China’s best-selling author, Yang Hongying, is reading from her best-selling stories for 4- to 8-year-olds tomorrow at 10:30am at the Bookworm, and beijingkids has a few spare tickets to the event to give away! If you’d like to go, send us an email to email@example.com before 5pm today. We will reply to the first respondents and arrange to have the tickets at the door for you. Please indicate the number of tickets desired (max 4 per family).
Meanwhile, here’s an interview of Yang Hongying from the March edition of beijingkids:
Best-selling children’s author Yang Hongying is frequently referred to as China’s J.K. Rowling,due to her success and popularity among young Chinese readers. Previously a teacher and currently an editor at a children’s literary magazine, Hongying writes from her experience with children. In fact, it was her daughter who inspired her to write Girl’s Diary, the novel that first brought her fame. Hongying continues to charm millions with mischievousMa Xiaotiao from the Mo’s Mischief series.
Tell us about your family.
I have a daughter studying abroad in graduate school. She inspired me to write one of the first books that made me famous, called Girl’s Diary (女生日记).
What were your favorite books as a child?At the time, there weren’t a lot of books available[in China]and people weren’t allowed to read a lot. So, I didn’t read a lot of books when I was young, but the books I read, I read thoroughly. These three are my favorite children’s books and have influenced my writing: Grimm’s fairy tales, Hans Christian Andersen’s fairy tales, and Journey to the West.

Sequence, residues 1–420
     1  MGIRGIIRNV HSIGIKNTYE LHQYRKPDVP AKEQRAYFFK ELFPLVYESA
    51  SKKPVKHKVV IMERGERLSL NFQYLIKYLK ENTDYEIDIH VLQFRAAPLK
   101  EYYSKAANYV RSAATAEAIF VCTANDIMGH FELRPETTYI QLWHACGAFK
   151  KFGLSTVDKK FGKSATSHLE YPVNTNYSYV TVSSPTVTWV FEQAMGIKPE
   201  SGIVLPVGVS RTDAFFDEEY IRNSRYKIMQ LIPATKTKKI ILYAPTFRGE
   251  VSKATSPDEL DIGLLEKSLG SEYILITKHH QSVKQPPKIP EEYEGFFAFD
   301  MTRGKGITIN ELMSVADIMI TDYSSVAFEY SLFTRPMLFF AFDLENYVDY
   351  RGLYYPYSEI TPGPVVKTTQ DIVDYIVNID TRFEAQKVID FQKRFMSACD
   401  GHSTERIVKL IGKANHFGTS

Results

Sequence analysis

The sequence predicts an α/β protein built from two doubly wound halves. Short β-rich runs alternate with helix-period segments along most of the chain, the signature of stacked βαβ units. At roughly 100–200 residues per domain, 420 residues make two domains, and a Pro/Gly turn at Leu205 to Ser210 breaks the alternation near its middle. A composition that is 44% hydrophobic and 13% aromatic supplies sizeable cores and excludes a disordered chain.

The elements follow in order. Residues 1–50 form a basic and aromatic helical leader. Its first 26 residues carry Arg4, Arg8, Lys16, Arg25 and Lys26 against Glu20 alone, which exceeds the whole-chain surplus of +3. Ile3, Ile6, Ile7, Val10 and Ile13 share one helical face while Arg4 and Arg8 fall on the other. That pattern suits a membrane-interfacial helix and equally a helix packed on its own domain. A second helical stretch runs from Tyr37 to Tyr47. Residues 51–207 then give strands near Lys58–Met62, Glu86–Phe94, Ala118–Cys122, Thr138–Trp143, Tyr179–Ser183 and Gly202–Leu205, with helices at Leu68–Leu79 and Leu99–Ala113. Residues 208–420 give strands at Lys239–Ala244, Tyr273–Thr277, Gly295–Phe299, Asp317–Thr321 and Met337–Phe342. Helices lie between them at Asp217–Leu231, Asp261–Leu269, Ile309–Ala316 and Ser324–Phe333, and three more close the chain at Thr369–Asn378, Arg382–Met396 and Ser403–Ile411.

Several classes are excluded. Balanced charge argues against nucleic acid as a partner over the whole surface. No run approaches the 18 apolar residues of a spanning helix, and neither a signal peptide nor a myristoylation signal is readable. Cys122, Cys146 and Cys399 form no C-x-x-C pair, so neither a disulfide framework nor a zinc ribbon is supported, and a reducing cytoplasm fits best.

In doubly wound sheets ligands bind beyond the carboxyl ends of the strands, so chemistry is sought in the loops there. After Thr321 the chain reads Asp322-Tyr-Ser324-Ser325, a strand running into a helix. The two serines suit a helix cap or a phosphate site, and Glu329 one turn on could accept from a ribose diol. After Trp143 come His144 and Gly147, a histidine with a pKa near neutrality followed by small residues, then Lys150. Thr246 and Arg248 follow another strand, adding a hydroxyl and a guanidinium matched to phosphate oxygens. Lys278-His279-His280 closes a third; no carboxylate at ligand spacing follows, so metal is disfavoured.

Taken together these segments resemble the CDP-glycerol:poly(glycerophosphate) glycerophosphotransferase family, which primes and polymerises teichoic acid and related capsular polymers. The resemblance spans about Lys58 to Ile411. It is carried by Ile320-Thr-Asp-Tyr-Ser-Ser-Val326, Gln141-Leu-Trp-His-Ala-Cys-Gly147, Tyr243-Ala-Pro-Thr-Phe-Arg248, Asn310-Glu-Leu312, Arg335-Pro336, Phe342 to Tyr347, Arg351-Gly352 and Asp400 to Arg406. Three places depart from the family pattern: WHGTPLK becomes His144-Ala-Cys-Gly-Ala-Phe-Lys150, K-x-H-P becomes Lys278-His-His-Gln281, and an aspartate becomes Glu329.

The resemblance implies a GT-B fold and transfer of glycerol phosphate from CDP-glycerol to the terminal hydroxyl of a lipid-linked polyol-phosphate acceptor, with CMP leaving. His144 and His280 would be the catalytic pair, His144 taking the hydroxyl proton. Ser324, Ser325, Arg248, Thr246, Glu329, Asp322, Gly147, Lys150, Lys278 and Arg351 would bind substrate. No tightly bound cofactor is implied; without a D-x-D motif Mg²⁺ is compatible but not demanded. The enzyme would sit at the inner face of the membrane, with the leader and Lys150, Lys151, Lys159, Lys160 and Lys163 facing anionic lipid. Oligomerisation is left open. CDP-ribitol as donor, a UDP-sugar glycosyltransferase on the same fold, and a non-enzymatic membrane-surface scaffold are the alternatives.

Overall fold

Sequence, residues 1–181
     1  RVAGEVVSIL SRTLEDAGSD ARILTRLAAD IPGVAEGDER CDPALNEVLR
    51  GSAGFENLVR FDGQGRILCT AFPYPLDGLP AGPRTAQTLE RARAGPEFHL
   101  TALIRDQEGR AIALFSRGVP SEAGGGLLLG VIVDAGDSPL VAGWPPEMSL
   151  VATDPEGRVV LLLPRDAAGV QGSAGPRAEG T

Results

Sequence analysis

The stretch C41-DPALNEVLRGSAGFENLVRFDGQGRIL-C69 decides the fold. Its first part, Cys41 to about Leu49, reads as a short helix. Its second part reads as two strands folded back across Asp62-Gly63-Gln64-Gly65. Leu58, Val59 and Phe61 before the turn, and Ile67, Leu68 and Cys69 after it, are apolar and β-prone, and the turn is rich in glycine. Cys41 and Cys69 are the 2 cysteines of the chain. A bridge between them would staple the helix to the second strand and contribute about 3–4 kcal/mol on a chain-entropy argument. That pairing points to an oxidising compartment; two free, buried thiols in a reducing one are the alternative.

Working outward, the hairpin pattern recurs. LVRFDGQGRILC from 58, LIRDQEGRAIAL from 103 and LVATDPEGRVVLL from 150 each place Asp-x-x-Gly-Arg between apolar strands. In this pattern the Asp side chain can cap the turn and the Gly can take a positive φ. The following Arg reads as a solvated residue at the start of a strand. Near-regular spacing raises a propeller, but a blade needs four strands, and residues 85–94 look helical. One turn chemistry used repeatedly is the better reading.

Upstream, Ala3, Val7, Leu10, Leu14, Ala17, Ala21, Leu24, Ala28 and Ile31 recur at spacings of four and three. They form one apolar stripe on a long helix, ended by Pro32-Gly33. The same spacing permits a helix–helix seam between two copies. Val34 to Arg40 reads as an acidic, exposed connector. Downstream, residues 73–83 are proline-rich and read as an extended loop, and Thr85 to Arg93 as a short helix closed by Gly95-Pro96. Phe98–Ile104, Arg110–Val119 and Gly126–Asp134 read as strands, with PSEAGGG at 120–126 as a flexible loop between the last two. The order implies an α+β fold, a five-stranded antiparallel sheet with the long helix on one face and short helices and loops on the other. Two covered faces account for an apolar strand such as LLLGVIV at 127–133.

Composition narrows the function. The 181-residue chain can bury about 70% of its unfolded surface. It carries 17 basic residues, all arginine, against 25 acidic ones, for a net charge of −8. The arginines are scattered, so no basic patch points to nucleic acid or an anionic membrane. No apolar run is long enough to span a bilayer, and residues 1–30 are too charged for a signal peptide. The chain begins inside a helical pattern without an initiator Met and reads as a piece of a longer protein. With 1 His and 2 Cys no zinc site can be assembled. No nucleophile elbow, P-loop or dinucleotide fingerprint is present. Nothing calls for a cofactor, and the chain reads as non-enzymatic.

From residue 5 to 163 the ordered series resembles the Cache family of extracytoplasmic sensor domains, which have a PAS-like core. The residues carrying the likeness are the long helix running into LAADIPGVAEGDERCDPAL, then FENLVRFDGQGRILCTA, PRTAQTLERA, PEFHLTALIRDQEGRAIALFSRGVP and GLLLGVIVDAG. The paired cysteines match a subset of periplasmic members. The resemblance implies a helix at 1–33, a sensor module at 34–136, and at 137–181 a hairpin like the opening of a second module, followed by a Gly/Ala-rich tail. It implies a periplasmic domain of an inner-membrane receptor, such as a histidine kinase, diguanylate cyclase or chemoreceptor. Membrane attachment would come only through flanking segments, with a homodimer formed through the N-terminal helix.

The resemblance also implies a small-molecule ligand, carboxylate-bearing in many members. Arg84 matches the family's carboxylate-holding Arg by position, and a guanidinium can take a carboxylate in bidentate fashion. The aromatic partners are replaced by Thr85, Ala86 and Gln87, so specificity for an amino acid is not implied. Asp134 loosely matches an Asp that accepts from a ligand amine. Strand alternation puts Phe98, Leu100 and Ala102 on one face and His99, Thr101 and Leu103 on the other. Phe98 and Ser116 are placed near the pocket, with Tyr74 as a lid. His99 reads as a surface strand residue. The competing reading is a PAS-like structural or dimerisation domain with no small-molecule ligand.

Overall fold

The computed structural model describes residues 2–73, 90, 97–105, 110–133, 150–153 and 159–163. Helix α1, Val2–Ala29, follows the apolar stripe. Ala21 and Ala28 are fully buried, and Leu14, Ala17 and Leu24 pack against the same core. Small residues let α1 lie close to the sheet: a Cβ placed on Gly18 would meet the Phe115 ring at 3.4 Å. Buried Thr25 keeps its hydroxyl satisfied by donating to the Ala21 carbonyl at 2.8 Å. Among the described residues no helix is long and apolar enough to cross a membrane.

How do you feel about being compared to the author of the Harry Potter series?The media started calling me the Chinese J.K. Rowling ten years ago. I think the reason is that we were both best-sellers, but there is really nothing comparable between myself and J.K. Rowling.
Your books have been translated into many languages. What do you think gives your books such universal appeal?My books are available in Chinese, English, French, German, Korean and Japanese. We’re talking about translating them into Italian. The imagination, humor, and appreciation for beauty in my books make them universal.
What inspired you to become a writer?
My writing has a lot to do with my experience. I started teaching at 18, and writing at 19. I’ve mostly worked with children, so that really inspired me to write for them.
How has your experience as a teacher, a children’s book editor and working with a children’s newspaper affected your writing?
Being a teacher helped me learn and understand how children feel and think. Working as an editor and with a newspaper helped me understand what they like to read.
What influence do Chinese children have on your writing?
The unique aspect about Chinese children is that they are only children. There are more expectations and pressure [placed on]them than in other countries. So, making sure they have a happy childhood is a theme in my writing.
Do you have advice for other children’s writers?
Be devoted to writing. Spend a lot of time learning about kids – how they think and feel.
What’s next for you?
I’m working on The Diary of a Smiling Cat (笑猫日记). I’ve published 13 books in this series and feel it’s the most important of all my writing.
Interview translated by Amy Wang